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POEM: The Eyes of These Two Children

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Author of Battlefield without Borders: Iraq Poems

for bg

October, and Mill Creek, torrential after winter rains,
is a trickle, a testament to tenacious ice and snow
still clinging to rock and shade in mountains.
All summer and into autumn, thin fingers of water roll and sift sand,
turning particles over and over,
a mind intent on its thoughts,
pondering questions.

If questions can lead us,
like a star or signpost,
if questions can steer us like a lodestone,
let this be one: “How can we be
responsible to Iraqis
ten thousand miles away,
caught in the teeth of war?”

Stay with us, Mustafa says, from his wheelchair in Amman,
for the whole world has forgotten us.

If a question can draw us
like a horizon or a mountain pass,
if a question can become a quest;

if a question can accompany us,
can, like a partner, settle into our soul,
like an embryo, take root and grow,
let it be this one:
“How can I enact a commitment to Iraqi people?”

I carry these thoughts while walking among oak trees
on a leafy animal trail above Mill Creek,
a path where people and animals have always walked,
a place where the very idea of always could have been conceived.
Daily, I gather acorns for food
and study deer, squirrels, birds, and bear
who also gather these glossy, plump, pointed gifts,
who uncover, beneath the leaf duff of my mind, memories and questions.
I move among other presences:
a thousand generations of hunter-gatherers accompany me.
Released from its incarceration,
time stretches backward and forward
and my connection to people follows.
Released from the corral of rational thought,
my mind steeps in connections with other species
and with people across the globe.
Experience is its own certification:
I dwell, like all creatures, in a vast, complex kaleidoscope
of time and space.

In this context, I consider an event in Iraq.
Last week, in Karrada, a usual convoy
of SUVs and armored security guards –
usual, that is, if you watch Fox News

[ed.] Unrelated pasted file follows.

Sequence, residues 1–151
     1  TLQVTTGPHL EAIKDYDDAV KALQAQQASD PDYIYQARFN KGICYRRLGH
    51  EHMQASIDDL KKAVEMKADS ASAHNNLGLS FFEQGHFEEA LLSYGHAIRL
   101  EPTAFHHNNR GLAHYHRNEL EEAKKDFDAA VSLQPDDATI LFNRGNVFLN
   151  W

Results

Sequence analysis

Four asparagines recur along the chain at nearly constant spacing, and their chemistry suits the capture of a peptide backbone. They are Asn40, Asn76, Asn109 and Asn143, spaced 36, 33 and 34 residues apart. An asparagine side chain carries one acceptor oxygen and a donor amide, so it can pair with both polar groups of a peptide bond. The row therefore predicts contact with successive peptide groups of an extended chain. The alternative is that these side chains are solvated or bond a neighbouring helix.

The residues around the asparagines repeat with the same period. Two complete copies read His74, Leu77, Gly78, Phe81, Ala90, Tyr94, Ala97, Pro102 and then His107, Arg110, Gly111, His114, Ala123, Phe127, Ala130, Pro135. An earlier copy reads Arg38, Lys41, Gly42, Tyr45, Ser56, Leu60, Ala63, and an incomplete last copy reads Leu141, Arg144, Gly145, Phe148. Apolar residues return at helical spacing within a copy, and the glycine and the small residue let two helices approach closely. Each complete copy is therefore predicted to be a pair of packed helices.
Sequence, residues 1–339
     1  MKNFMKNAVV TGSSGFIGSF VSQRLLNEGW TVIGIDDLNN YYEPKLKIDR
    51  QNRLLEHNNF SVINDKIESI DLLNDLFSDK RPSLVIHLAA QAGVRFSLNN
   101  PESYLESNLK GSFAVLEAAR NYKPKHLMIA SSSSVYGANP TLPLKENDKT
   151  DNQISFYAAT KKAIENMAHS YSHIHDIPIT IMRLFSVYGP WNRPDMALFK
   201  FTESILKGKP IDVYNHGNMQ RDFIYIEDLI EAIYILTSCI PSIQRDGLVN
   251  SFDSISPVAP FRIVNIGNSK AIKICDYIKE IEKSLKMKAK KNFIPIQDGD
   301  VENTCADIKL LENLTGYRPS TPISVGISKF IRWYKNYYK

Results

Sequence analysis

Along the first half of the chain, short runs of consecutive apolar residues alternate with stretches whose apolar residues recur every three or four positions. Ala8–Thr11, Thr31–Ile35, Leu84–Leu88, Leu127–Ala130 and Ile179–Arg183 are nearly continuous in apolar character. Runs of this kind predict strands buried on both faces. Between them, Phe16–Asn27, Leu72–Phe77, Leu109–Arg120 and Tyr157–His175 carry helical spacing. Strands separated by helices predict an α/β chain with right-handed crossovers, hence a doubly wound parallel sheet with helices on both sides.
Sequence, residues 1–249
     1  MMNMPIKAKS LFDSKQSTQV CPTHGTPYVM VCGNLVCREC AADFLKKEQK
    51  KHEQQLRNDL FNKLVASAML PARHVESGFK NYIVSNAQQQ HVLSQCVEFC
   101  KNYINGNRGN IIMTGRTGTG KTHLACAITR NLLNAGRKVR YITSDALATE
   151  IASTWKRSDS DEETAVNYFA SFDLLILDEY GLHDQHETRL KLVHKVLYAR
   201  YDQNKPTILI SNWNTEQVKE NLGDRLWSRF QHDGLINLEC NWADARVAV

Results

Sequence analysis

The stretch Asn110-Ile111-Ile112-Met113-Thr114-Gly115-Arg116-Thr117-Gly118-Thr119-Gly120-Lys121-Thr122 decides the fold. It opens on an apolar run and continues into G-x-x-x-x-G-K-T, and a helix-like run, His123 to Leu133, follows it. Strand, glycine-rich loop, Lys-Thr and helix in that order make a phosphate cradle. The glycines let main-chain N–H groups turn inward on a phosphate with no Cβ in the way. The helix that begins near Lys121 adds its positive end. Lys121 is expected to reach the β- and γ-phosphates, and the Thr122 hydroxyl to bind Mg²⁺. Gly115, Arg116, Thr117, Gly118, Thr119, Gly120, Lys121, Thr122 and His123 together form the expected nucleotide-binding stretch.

or if you are a child growing up in Baghdad,
questioning it, turning it over and over,
reading it with the deft fingers of your mind,
fingering the familiar physiognomy of your world
and finding it comprised of barbed wire, broken bones,
      burnt out and bullet-ridden cars.
The convoy was usual, too, in its deadliness, its taut and explicit threat,
like unexploded ordnance: Come too close and I will maim you.
And an all-too-usual outcome:
a car failed to perceive the threat,
broke an invisible line, triggering a barrage of bullets,
and two women lay shattered and dead in its front seat.

Corporate officials offered an initial assessment:
Our security team was approached at speed by a vehicle which failed to stop
despite an escalation of warnings.
Finally shots were fired at the vehicle and it stopped.

The statement failed to mention the two adult hearts that also stopped,
and the heart failure of guards who fled
without securing medical aid for the injured.
They raced off, eye witnesses testified, like gangsters.
It also failed to account for two children in the back seat,
their racing hearts failing, for the moment,
to comprehend the meaning of blood and brains and hair
spattering the upholstery inside the car and their clothes,
and stuck to windows.

Despite the legerdemain of denial,
other statements made clear the nature of questions which turn
in the minds of US officials
and that waging war is one part weaponry,
three parts public relations.

State Department spokesman Sean McCormack said the shooting
had nothing to do with the State Department or the US government.

In like form, a US embassy spokeswoman in Baghdad
said the shooting was not connected with the embassy
and that USAID does not direct the security arrangements of [its] contractors.

If a question can lead us, try these:
What part of a child is amputated
when her parent or relative is killed in front of her?
When she wakes up after surgery,
where is the pain centered,
where are the bandages laid,
where does the wound ooze, the scar form?

Fingering the deep soils of our minds,
let us search for the sharpest and the most tender words
and fit them onto the arrows of sentences.
Let us notch them to the bowstring of paragraphs
and aiming at the architects of this war
release them.

Let us become the words that we embrace
and walk, voluble, into their offices,
forbidding them to hide for another moment
from the eyes of these two children.


All proceeds from the sale of Battlefield without Borders: Iraq Poems (all but $2.00 of the sale price) goes directly to Iraqi victims of this war. For more information, including brief portraits of the families we are assisting, visit www.battlefieldwithoutborders.org or e-mail the author at david@battlefieldwithoutborders.org.

Smith-Ferri, who is the current Poet Laureate of Ukiah, CA and a winner of the Janice Farrell Poetry Prize, has read his poetry at events across the country. His poetry and essays have been published in Z Magazine, Yes! Magazine, The Other Side Magazine, and the print edition of CounterPunch, as well as numerous online publications.